How Nurses Kept Their Jobs While Millions Lost It

Codes, Standards, and Trust

In the last few months, professions have been downgraded, careers ruined, questions again raised about the integrity and volatility of many businesses and industries. Regardless of how much money any major business exec has to fiddle with, wealth is clearly not the glue that holds the economic house of cards together. Nurses have been tangentially affected, particularly where the financial aspects of Healthcare protrude into their practice, but the profession as a whole is shatter-proof. AND it’s imbued with a couple very distinct advantages that any business exec would give his or her right arm to possess.

“Breakable” Business

The nation’s Big Bank CEOs were recently “live-blogged” by major media (1) as they gave a blow-by-blow account to the House Financial Services Committee regarding their mismanagement of bail-out money. The banking industry is just the most recent to succumb—in pieces-- to the whims of the tanking economy. But it’s not been busted all on its own—clearly unethical business practices have been standard operating procedures that perhaps have worked well in the past for the CEOs and customers alike. It’s the economic market and the current vigilance of government that can no longer sustain or overlook that orthodoxy and ethic.

What then, if not money, makes the difference between a breakable profession and an unbreakable one?

The 2008 annual Gallup Honesty and Ethics poll measuring public opinion on the most trustworthy professions, underscores some interesting contrasts. First, nurses take the top slot by a long shot—84% of those polled. They have for the last 7 years and continue to put space between themselves and everyone else. (2)

For the most part, nursing is not a money or “power” profession. So what magical properties does the professional nurse possess that separates her or him by a wide margin, from any other professional? What is the secret mojo in this apparently unbreakable profession?

Consider again the Gallup poll: bankers fell to an all-time low, at 23%. But what we typically consider the “power professions”—lawyers, stock market pros, business and advertising executives—sit near the bottom of the polls in honesty and ethics, or trustworthiness.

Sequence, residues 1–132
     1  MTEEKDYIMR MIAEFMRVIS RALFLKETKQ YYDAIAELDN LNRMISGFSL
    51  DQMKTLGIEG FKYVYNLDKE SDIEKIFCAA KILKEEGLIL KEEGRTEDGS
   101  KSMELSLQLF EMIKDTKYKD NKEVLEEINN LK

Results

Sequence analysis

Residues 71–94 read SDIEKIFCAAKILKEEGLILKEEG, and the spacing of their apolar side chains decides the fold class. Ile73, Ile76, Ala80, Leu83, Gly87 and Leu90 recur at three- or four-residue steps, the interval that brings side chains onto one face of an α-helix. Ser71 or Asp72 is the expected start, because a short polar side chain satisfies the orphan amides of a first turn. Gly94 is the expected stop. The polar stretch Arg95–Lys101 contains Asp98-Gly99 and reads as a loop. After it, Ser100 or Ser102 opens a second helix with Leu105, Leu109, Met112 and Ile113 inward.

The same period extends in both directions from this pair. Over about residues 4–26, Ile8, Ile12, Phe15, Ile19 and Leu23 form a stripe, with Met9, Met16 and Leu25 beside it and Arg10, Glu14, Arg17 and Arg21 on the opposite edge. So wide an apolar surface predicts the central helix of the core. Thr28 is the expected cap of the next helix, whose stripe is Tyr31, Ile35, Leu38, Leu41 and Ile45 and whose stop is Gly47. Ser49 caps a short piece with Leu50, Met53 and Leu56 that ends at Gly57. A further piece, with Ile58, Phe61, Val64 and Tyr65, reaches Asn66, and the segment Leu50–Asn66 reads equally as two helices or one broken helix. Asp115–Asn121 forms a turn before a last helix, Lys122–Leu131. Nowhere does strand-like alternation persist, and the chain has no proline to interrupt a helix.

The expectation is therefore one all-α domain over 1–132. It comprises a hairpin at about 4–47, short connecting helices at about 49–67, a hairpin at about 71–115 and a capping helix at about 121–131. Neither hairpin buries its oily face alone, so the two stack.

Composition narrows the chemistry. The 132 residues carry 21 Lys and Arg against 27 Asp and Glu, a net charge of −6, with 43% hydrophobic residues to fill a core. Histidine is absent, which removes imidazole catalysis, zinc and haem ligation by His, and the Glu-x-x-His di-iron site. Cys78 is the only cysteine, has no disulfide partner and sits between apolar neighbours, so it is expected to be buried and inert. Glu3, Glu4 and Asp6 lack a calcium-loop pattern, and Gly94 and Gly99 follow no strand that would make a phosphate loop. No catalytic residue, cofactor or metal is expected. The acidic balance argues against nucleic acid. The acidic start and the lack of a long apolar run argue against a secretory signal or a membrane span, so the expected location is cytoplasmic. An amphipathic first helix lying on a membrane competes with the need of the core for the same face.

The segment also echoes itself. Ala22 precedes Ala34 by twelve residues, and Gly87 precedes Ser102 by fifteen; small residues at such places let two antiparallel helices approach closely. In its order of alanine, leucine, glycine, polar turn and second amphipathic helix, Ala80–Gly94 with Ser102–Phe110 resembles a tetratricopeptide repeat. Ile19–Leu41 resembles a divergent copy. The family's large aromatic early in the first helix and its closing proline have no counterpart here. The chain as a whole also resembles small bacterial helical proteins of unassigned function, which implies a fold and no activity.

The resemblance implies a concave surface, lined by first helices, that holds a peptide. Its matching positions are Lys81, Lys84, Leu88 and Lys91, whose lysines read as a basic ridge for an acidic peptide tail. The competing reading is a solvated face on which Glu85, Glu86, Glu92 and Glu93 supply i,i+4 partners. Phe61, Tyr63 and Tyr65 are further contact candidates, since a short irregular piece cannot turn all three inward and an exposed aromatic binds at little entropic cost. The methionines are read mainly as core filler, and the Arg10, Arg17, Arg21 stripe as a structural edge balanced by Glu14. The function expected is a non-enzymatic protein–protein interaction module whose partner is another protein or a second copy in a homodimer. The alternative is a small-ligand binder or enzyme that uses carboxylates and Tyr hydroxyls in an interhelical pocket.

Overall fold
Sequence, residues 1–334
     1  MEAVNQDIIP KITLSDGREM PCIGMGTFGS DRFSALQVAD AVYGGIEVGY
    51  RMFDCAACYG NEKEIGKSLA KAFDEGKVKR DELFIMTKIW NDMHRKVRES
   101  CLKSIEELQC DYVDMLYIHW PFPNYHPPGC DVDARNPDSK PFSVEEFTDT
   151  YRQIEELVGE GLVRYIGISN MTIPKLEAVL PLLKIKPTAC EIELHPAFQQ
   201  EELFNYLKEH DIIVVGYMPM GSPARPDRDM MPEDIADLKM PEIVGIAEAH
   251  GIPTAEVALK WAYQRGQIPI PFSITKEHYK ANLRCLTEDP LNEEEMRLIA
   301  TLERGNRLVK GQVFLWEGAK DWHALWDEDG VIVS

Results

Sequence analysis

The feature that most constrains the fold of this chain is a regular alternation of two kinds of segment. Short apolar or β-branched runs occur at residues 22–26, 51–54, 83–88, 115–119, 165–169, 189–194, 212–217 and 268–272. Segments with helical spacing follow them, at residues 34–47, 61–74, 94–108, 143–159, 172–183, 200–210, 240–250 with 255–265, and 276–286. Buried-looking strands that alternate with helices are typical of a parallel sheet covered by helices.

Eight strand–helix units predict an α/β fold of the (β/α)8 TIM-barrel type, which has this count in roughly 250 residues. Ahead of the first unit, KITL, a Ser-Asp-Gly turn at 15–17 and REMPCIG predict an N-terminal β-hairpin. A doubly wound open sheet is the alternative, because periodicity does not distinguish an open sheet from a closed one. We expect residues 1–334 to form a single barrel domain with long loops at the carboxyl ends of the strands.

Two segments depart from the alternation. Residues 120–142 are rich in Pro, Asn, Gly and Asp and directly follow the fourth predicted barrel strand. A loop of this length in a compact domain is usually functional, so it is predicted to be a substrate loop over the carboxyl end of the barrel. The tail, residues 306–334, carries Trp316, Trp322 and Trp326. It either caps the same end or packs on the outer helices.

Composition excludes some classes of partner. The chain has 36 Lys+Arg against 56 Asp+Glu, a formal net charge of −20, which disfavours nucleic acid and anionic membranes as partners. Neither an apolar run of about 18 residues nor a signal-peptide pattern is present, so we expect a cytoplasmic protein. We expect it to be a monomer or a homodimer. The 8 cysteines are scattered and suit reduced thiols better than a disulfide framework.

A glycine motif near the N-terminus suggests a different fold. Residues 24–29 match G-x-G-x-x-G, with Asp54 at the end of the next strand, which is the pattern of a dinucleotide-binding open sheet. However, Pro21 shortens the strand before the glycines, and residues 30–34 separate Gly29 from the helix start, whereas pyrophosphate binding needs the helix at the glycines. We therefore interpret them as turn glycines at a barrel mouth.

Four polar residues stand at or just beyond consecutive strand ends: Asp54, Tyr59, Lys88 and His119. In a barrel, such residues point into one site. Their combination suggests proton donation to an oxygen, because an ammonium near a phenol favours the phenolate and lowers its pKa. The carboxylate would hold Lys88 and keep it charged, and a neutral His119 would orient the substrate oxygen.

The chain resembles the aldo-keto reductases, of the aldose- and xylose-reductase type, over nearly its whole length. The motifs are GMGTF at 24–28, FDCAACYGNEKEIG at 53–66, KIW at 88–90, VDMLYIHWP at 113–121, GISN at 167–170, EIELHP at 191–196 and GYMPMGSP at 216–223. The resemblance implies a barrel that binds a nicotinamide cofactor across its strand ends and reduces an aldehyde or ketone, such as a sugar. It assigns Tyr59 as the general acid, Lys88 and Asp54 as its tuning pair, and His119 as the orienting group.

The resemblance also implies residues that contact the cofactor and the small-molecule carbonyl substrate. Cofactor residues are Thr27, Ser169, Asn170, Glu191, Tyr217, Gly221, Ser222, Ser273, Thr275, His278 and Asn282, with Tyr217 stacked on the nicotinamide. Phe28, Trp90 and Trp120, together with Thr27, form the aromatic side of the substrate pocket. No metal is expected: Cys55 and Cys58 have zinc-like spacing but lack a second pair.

Trust: What it Means to Nurses

In Western society money is typically associated with job respect and success. What is it about public opinion polls that put nurses near the top of “most trusted professions” lists?

In a recent Draft of the ANA’s 19-page “Nursing’s Social Policy Statement,” the organization makes direct reference to the high trust placed upon nurses:

“The nursing profession fulfills society’s need for highly educated individuals who embrace and act according to a strong code of ethics, especially when entrusted with the health care of individuals, families, groups, communities, and populations. Polls reflect this mutual relationship in the ranking of ‘nursing’ within the top few most trusted professions…..” (3)

The ANA interprets this trust to mean “the responsibility to provide the very best healthcare,” including the provision of highly qualified and educated nurses….(ANA) But is this how the public interprets “trust” when they vote nurses to the top of the list?

The Center for Nursing Advocacy (CNA) responded to the consistent public opinion “trust” polls. Their response: Trust, as it rinses out in public opinion polls, in no way equates to professional respect. And furthermore, most people hinge their notion of trust to a tattered old image of nurse as angel. (4)

It remains unclear exactly what standards the public at large uses to reach the high “trust” ranking. You’d have to ask every single person polled what factors were considered in his or her response. In making their vote of confidence in nursing as a profession, does the public know about the nurses’ Code of Ethics, the Standard of Care, and that nurses answer to a higher “social contract”? Or do most cast a vote based on that alleged vision of nurse in their heads—“society’s need for” this particular type of health care savior, as the CNA suggests. Is this the iconic Nurse that remains anonymous in most of our television shows and still shows up in some advertising, mainstream media, and is a perpetual mainstay of X-rated movies (5)(6), sporting a white skirt and antique nurses’ cap?

A few angel images to consider:

  • angel – “a spiritual being superior to humans in power and intelligence.” (Merriam-Webster)

 

  • Angel.com – a reliable and highly scalable business-to-business communications response system that offers solutions for a wide range of industries, including healthcare, that rely on real-time communications and on-the-fly applications.
  • Angel – as an investor or philanthropist that offers venture capital for deserving business start-ups. In Old England, “angels” provided monetary support to theaters. (7)

What Trust Means to Other Business Professionals


Nurses don’t have much money, that’s true. And most would contend that they have little power.

But trust IS power.

Businesses work overtime to build trust. Many have not the faintest idea how to build trust in their law firms, accountancies, professional relationships with colleagues, or relationships with customers. They look for step-by-step instructions (8), self-assessment “trust quotient” tests (9), and blueprints that will guide them to developing trust-centric businesses and messages.